With Pfizer-BioNTech’s COVID-19 vaccine authorized by the Food and Drug Administration for adolescents ages 12 to 15, one West Virginia University pediatrician assured its safety and efficacy: It underwent the same rigorous testing as for adults.
“We want to make sure, from a scientific and public health community, that these vaccines are safe and effective for children,” she said. “Pediatricians have advocated from the beginning of the pandemic that children be included in clinical trials and that all research for COVID-19 vaccines adhere to the highest standards. There have been ongoing studies in children with both the Pfizer and Moderna vaccines.”
On Monday (May 10), the FDA expanded emergency use authorization for the 12- to 15-year-old age group. The U.S. Centers for Disease Control and Prevention must now recommend the vaccine’s use for the new age group.
Once vaccines are fully authorized, Gov. Jim Justice said vaccination clinics are expected to open at schools in all 55 counties for the estimated 78,000 West Virginia students now eligible to choose vaccination.
Costello said she anticipated additional vaccine rollouts by age over time. She projected that by early 2022, the vaccine may be authorized for the entire population. Data on how the Pfizer-BioNTech vaccine works in children ages 5 to 11 could be available by the end of this summer, according to the developer.
Clinical trial data released by Pfizer in late March showed promise for the 12- to 15-year-old group. The vaccine was reported in clinical trials to be 100% effective in preventing infection across more than 2,000 adolescents, meaning none of the teens in Pfizer’s research trial became infected with the virus. All produced strong antibody responses and experienced no serious side effects. Mild to moderate side effects were consistent with those seen in adults, according to the report.
The science remains the same
Some continue to wonder how officials managed to authorize and distribute vaccines within a year of a pandemic. Yet scientists have been researching vaccines for related coronaviruses, such as SARS and MERS, for several years.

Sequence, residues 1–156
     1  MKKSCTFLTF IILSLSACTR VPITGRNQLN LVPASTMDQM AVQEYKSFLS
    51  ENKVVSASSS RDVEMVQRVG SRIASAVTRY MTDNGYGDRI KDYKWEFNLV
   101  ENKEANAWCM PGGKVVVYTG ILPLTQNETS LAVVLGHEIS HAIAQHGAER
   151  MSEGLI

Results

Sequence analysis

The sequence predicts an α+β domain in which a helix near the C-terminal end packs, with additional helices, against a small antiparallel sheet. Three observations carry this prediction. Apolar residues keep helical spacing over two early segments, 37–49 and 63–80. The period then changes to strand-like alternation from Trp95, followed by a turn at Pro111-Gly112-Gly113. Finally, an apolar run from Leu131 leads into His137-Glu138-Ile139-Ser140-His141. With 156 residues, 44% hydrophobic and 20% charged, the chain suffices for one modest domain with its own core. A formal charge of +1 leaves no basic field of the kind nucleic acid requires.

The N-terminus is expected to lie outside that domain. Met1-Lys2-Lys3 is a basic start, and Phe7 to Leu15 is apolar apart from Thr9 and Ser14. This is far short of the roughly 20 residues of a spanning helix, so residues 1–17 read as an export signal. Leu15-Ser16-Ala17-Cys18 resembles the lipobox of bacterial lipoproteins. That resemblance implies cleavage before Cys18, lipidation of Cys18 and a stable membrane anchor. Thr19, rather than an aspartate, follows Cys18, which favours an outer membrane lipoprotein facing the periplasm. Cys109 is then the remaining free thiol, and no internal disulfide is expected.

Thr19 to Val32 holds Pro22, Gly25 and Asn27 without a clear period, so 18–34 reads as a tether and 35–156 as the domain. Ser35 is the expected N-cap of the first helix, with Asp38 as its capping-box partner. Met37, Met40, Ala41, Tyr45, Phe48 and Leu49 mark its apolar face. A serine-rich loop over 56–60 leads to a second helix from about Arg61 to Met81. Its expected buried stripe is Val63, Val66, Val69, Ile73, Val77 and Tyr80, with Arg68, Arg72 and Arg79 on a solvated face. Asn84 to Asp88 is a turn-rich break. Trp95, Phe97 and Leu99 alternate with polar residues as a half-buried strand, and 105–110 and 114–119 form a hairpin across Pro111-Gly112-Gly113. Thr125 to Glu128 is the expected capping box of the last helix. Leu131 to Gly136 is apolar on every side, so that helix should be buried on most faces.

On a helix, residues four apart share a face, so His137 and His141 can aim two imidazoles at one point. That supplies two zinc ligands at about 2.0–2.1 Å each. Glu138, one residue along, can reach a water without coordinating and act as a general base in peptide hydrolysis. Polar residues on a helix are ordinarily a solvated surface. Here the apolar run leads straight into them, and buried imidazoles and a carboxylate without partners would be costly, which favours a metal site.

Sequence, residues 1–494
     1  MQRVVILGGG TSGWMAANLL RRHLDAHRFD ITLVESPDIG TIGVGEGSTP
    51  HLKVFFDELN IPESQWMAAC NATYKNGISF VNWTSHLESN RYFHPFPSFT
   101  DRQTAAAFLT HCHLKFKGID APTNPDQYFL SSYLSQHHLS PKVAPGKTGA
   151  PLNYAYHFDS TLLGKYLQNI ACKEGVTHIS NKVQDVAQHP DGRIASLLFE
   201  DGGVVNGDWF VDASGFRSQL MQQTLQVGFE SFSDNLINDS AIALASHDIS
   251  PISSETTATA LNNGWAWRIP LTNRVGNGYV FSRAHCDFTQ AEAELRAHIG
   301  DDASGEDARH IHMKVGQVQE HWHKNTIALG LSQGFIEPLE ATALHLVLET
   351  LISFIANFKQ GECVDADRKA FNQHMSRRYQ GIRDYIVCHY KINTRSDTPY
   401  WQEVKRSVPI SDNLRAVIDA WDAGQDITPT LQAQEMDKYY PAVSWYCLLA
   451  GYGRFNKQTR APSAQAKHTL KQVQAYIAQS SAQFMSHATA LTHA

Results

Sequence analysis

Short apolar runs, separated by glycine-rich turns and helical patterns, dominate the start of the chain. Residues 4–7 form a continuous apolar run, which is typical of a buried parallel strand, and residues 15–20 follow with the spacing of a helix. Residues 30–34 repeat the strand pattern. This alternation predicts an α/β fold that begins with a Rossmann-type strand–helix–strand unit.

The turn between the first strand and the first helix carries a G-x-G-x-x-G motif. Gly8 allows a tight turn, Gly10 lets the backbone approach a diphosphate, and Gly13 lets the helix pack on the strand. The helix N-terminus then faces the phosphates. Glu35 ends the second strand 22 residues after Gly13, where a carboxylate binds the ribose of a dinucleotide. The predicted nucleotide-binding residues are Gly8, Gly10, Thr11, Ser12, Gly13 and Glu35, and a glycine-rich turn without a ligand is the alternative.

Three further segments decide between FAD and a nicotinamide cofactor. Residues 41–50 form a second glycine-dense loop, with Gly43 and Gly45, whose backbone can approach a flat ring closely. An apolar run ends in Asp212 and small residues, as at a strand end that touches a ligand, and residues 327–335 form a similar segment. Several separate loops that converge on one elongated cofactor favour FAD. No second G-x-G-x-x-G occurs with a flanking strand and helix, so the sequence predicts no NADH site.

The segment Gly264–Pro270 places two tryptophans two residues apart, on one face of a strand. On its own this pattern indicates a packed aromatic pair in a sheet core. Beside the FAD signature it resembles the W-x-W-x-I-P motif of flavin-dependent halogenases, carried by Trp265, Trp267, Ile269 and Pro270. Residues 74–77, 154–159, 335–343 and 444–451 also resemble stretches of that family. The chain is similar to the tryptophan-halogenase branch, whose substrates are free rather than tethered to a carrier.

Costello noted that the COVID-19 vaccine development process has been the fastest seen to date because the entire medical, scientific and public health communities building upon prior research technology mobilized like never before to end this pandemic.
With SARS-CoV-2, scientists didn’t rely on whole virus cells to make the vaccine. Instead they used a snippet of the virus’ messenger RNA, the instructions cells follow to build proteins.
Because the messenger RNA is unable to integrate with our DNA, there’s no need to worry about altering genetic makeup. And it disappears after only a few days, which means it won’t linger in cells after fulfilling its purpose.
Minors must get permission from their parents or guardians to be vaccinated in West Virginia, which may be a challenge for those questioning vaccination.
For the better part of a year, Costello has split her time between her home base in Morgantown and Charleston, where she has played a role in the state’s pandemic response with the Joint Information Center, which is part of the West Virginia Joint Interagency Task Force for COVID-19 Vaccines.
One of the main goals has been to communicate prompt and accurate information to the public. With disinformation and unproven theories surrounding the virus and the vaccine floating on social media and by word-of-mouth, it can be tough to break through the noise.
“Parents and caregivers want facts so that they can make an informed decision for themselves and their children,” Costello said. “The vaccine is safe and it’s important for them to choose to vaccinate. It’s an important role to play in not just protecting themselves, but those around them.”
Costello also said it’s important for parents to recognize that, despite the narrative that COVID-19 mainly affects the elderly and those with preexisting conditions, serious complications can occur in children, too.
“Children have gotten seriously ill with COVID-19 and we still need to practice all of the other safety measures like wearing a mask and washing our hands,” Costello said. “There have been studies on the new variants showing that they’re more transmissible among children, and we’ve seen higher outbreaks in school settings.
“For the longest time, people thought children were not severely impacted, but I’ve cared for children admitted to the hospital with COVID-19. This is a serious disease for children, as well, and that’s why it’s important that they be protected. The safest way to do that will be through vaccination.”
CONTACT: Jake Stump
WVU Research Communications
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